372 Apartments for rent in Bonita Springs, FL with Parking
Frequently Asked Questions
Frequently Asked Questions (FAQs)
How much is rent for an apartment with parking in Bonita Springs?
How many apartments with parking are available for rent in Bonita Springs?
"Florida is a place of unparalleled diversity of backgrounds, experiences and vision. It makes our culture unique, but it can also make it difficult to define a common identity and create a sense of community that reaches beyond our neighborhoods to all corners of our state." -- Jeb Bush
Pretty, beautiful, and lively: the English definition of the Spanish word "bonita." Situated on Florida’s Gulf Coast, Bonita Springs meets that definition. Part of the Cape Coral-Fort Meyers Metro area, Bonita Springs has a population of just over 43,000, and a beautiful spot on the Gulf of Mexico and Estero Bay. The gulf-side area of the city is called Bonita Beach, located on a barrier island between the Gulf and the Bay. Also, the Imperial River flows through the city center into Estero Bay. There’s water everywhere for swimmers, sunbathers, anglers, and boaters to enjoy. This is a quiet, beach loving town -- no rowdy beach blanket bingo here if that's not your thing. If you prefer the sound of the waves to the sound of a boom box, you’ll love strolling the soft white sands. See more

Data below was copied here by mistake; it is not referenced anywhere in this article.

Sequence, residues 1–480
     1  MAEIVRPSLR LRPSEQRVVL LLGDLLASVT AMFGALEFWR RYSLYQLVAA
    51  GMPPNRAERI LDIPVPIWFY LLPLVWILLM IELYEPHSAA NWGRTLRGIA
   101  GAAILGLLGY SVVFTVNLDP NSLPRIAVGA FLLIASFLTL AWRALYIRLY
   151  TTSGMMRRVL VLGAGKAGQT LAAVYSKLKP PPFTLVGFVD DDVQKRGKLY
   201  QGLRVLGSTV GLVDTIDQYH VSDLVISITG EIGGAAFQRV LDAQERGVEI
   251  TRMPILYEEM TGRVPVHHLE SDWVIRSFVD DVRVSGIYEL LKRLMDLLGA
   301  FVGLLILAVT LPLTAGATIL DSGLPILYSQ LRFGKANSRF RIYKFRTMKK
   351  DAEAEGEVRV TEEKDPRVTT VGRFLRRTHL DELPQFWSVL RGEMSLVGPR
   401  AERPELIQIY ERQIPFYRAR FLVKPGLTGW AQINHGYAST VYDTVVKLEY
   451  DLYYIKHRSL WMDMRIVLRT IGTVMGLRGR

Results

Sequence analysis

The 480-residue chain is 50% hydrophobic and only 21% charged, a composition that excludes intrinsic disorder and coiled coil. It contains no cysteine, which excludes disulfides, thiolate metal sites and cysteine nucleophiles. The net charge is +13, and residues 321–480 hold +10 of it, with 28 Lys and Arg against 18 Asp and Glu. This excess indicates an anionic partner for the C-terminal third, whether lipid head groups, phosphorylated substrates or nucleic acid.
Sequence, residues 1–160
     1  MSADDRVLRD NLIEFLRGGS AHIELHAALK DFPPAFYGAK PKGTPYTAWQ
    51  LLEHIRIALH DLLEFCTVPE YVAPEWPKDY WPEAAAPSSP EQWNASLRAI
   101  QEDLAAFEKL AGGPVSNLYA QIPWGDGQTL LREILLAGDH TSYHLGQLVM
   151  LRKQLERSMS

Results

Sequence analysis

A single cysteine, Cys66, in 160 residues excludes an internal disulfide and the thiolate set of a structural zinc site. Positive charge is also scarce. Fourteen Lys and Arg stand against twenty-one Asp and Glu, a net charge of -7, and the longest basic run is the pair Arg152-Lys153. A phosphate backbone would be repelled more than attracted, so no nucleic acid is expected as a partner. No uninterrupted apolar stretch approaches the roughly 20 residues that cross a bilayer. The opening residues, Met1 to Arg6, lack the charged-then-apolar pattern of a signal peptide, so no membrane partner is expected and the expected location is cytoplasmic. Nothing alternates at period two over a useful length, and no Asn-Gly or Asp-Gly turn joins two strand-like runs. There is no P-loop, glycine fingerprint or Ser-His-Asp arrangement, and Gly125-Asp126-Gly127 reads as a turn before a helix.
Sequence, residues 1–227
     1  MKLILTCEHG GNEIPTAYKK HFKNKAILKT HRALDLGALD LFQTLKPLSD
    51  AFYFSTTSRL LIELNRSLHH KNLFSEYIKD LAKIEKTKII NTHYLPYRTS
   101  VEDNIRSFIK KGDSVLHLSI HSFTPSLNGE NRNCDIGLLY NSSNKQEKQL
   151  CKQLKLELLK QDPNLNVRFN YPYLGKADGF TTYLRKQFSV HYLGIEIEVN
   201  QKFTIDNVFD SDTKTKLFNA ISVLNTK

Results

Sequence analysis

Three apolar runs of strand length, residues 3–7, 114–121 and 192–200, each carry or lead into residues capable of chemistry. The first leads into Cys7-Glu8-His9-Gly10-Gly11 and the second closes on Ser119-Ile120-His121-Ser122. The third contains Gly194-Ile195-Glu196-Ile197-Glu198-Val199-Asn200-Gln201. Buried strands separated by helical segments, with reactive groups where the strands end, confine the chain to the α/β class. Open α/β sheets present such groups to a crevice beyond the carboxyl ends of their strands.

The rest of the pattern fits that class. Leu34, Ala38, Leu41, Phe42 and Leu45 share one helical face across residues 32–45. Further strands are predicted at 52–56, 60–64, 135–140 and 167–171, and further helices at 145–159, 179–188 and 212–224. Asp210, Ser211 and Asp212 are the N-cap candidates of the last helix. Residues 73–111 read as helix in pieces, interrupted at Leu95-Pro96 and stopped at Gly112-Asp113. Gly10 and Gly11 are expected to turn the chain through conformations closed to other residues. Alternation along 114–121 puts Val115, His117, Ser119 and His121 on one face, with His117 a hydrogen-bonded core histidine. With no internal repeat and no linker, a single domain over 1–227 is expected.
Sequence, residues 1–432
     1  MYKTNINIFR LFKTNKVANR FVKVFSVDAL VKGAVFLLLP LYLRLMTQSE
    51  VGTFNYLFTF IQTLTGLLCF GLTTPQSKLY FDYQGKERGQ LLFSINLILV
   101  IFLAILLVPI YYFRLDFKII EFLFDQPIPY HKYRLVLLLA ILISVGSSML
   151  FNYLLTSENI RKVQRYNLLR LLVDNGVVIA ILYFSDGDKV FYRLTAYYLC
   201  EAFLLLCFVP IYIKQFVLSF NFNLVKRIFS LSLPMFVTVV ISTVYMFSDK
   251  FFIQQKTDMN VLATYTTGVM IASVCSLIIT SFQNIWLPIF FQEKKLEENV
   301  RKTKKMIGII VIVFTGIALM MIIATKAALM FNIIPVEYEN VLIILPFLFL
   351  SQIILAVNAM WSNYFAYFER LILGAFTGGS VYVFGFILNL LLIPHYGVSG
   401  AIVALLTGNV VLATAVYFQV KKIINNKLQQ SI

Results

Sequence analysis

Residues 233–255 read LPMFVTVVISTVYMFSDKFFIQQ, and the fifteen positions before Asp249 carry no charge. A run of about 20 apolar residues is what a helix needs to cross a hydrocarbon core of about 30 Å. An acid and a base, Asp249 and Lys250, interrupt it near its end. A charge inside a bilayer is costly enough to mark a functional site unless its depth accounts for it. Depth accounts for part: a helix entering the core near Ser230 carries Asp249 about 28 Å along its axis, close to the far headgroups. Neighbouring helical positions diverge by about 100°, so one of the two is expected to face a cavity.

Parking can be at a premium in some cities where spaces are challenging to find. Some Bonita Springs apartments offer parking options, either outside in a common area or within a private garage.
Ask about the stipulations around the parking. Those may include how many guests are allowed and where tenants park.
Some apartments may only allow parking in front of your own unit. Guest parking may be in a common area for up to one person.
If parking is scarce, look around the area before you sign a lease. Ample street parking in a neighborhood championed for its safety is probably fine. However, it’s probably not worth signing a lease if it means battling for daily parking for you and your guests.
Research whether you need a city permit to park in the neighborhood. Look into the associated costs and what to do about visitors who need parking.
Some tenants prefer garage parking near their units. However, an open-air lot may prove cheaper.
Keep in mind that the cost of wear and tear from parking outside can add up. It may be less expensive, in the long run, to look for an apartment with garage parking.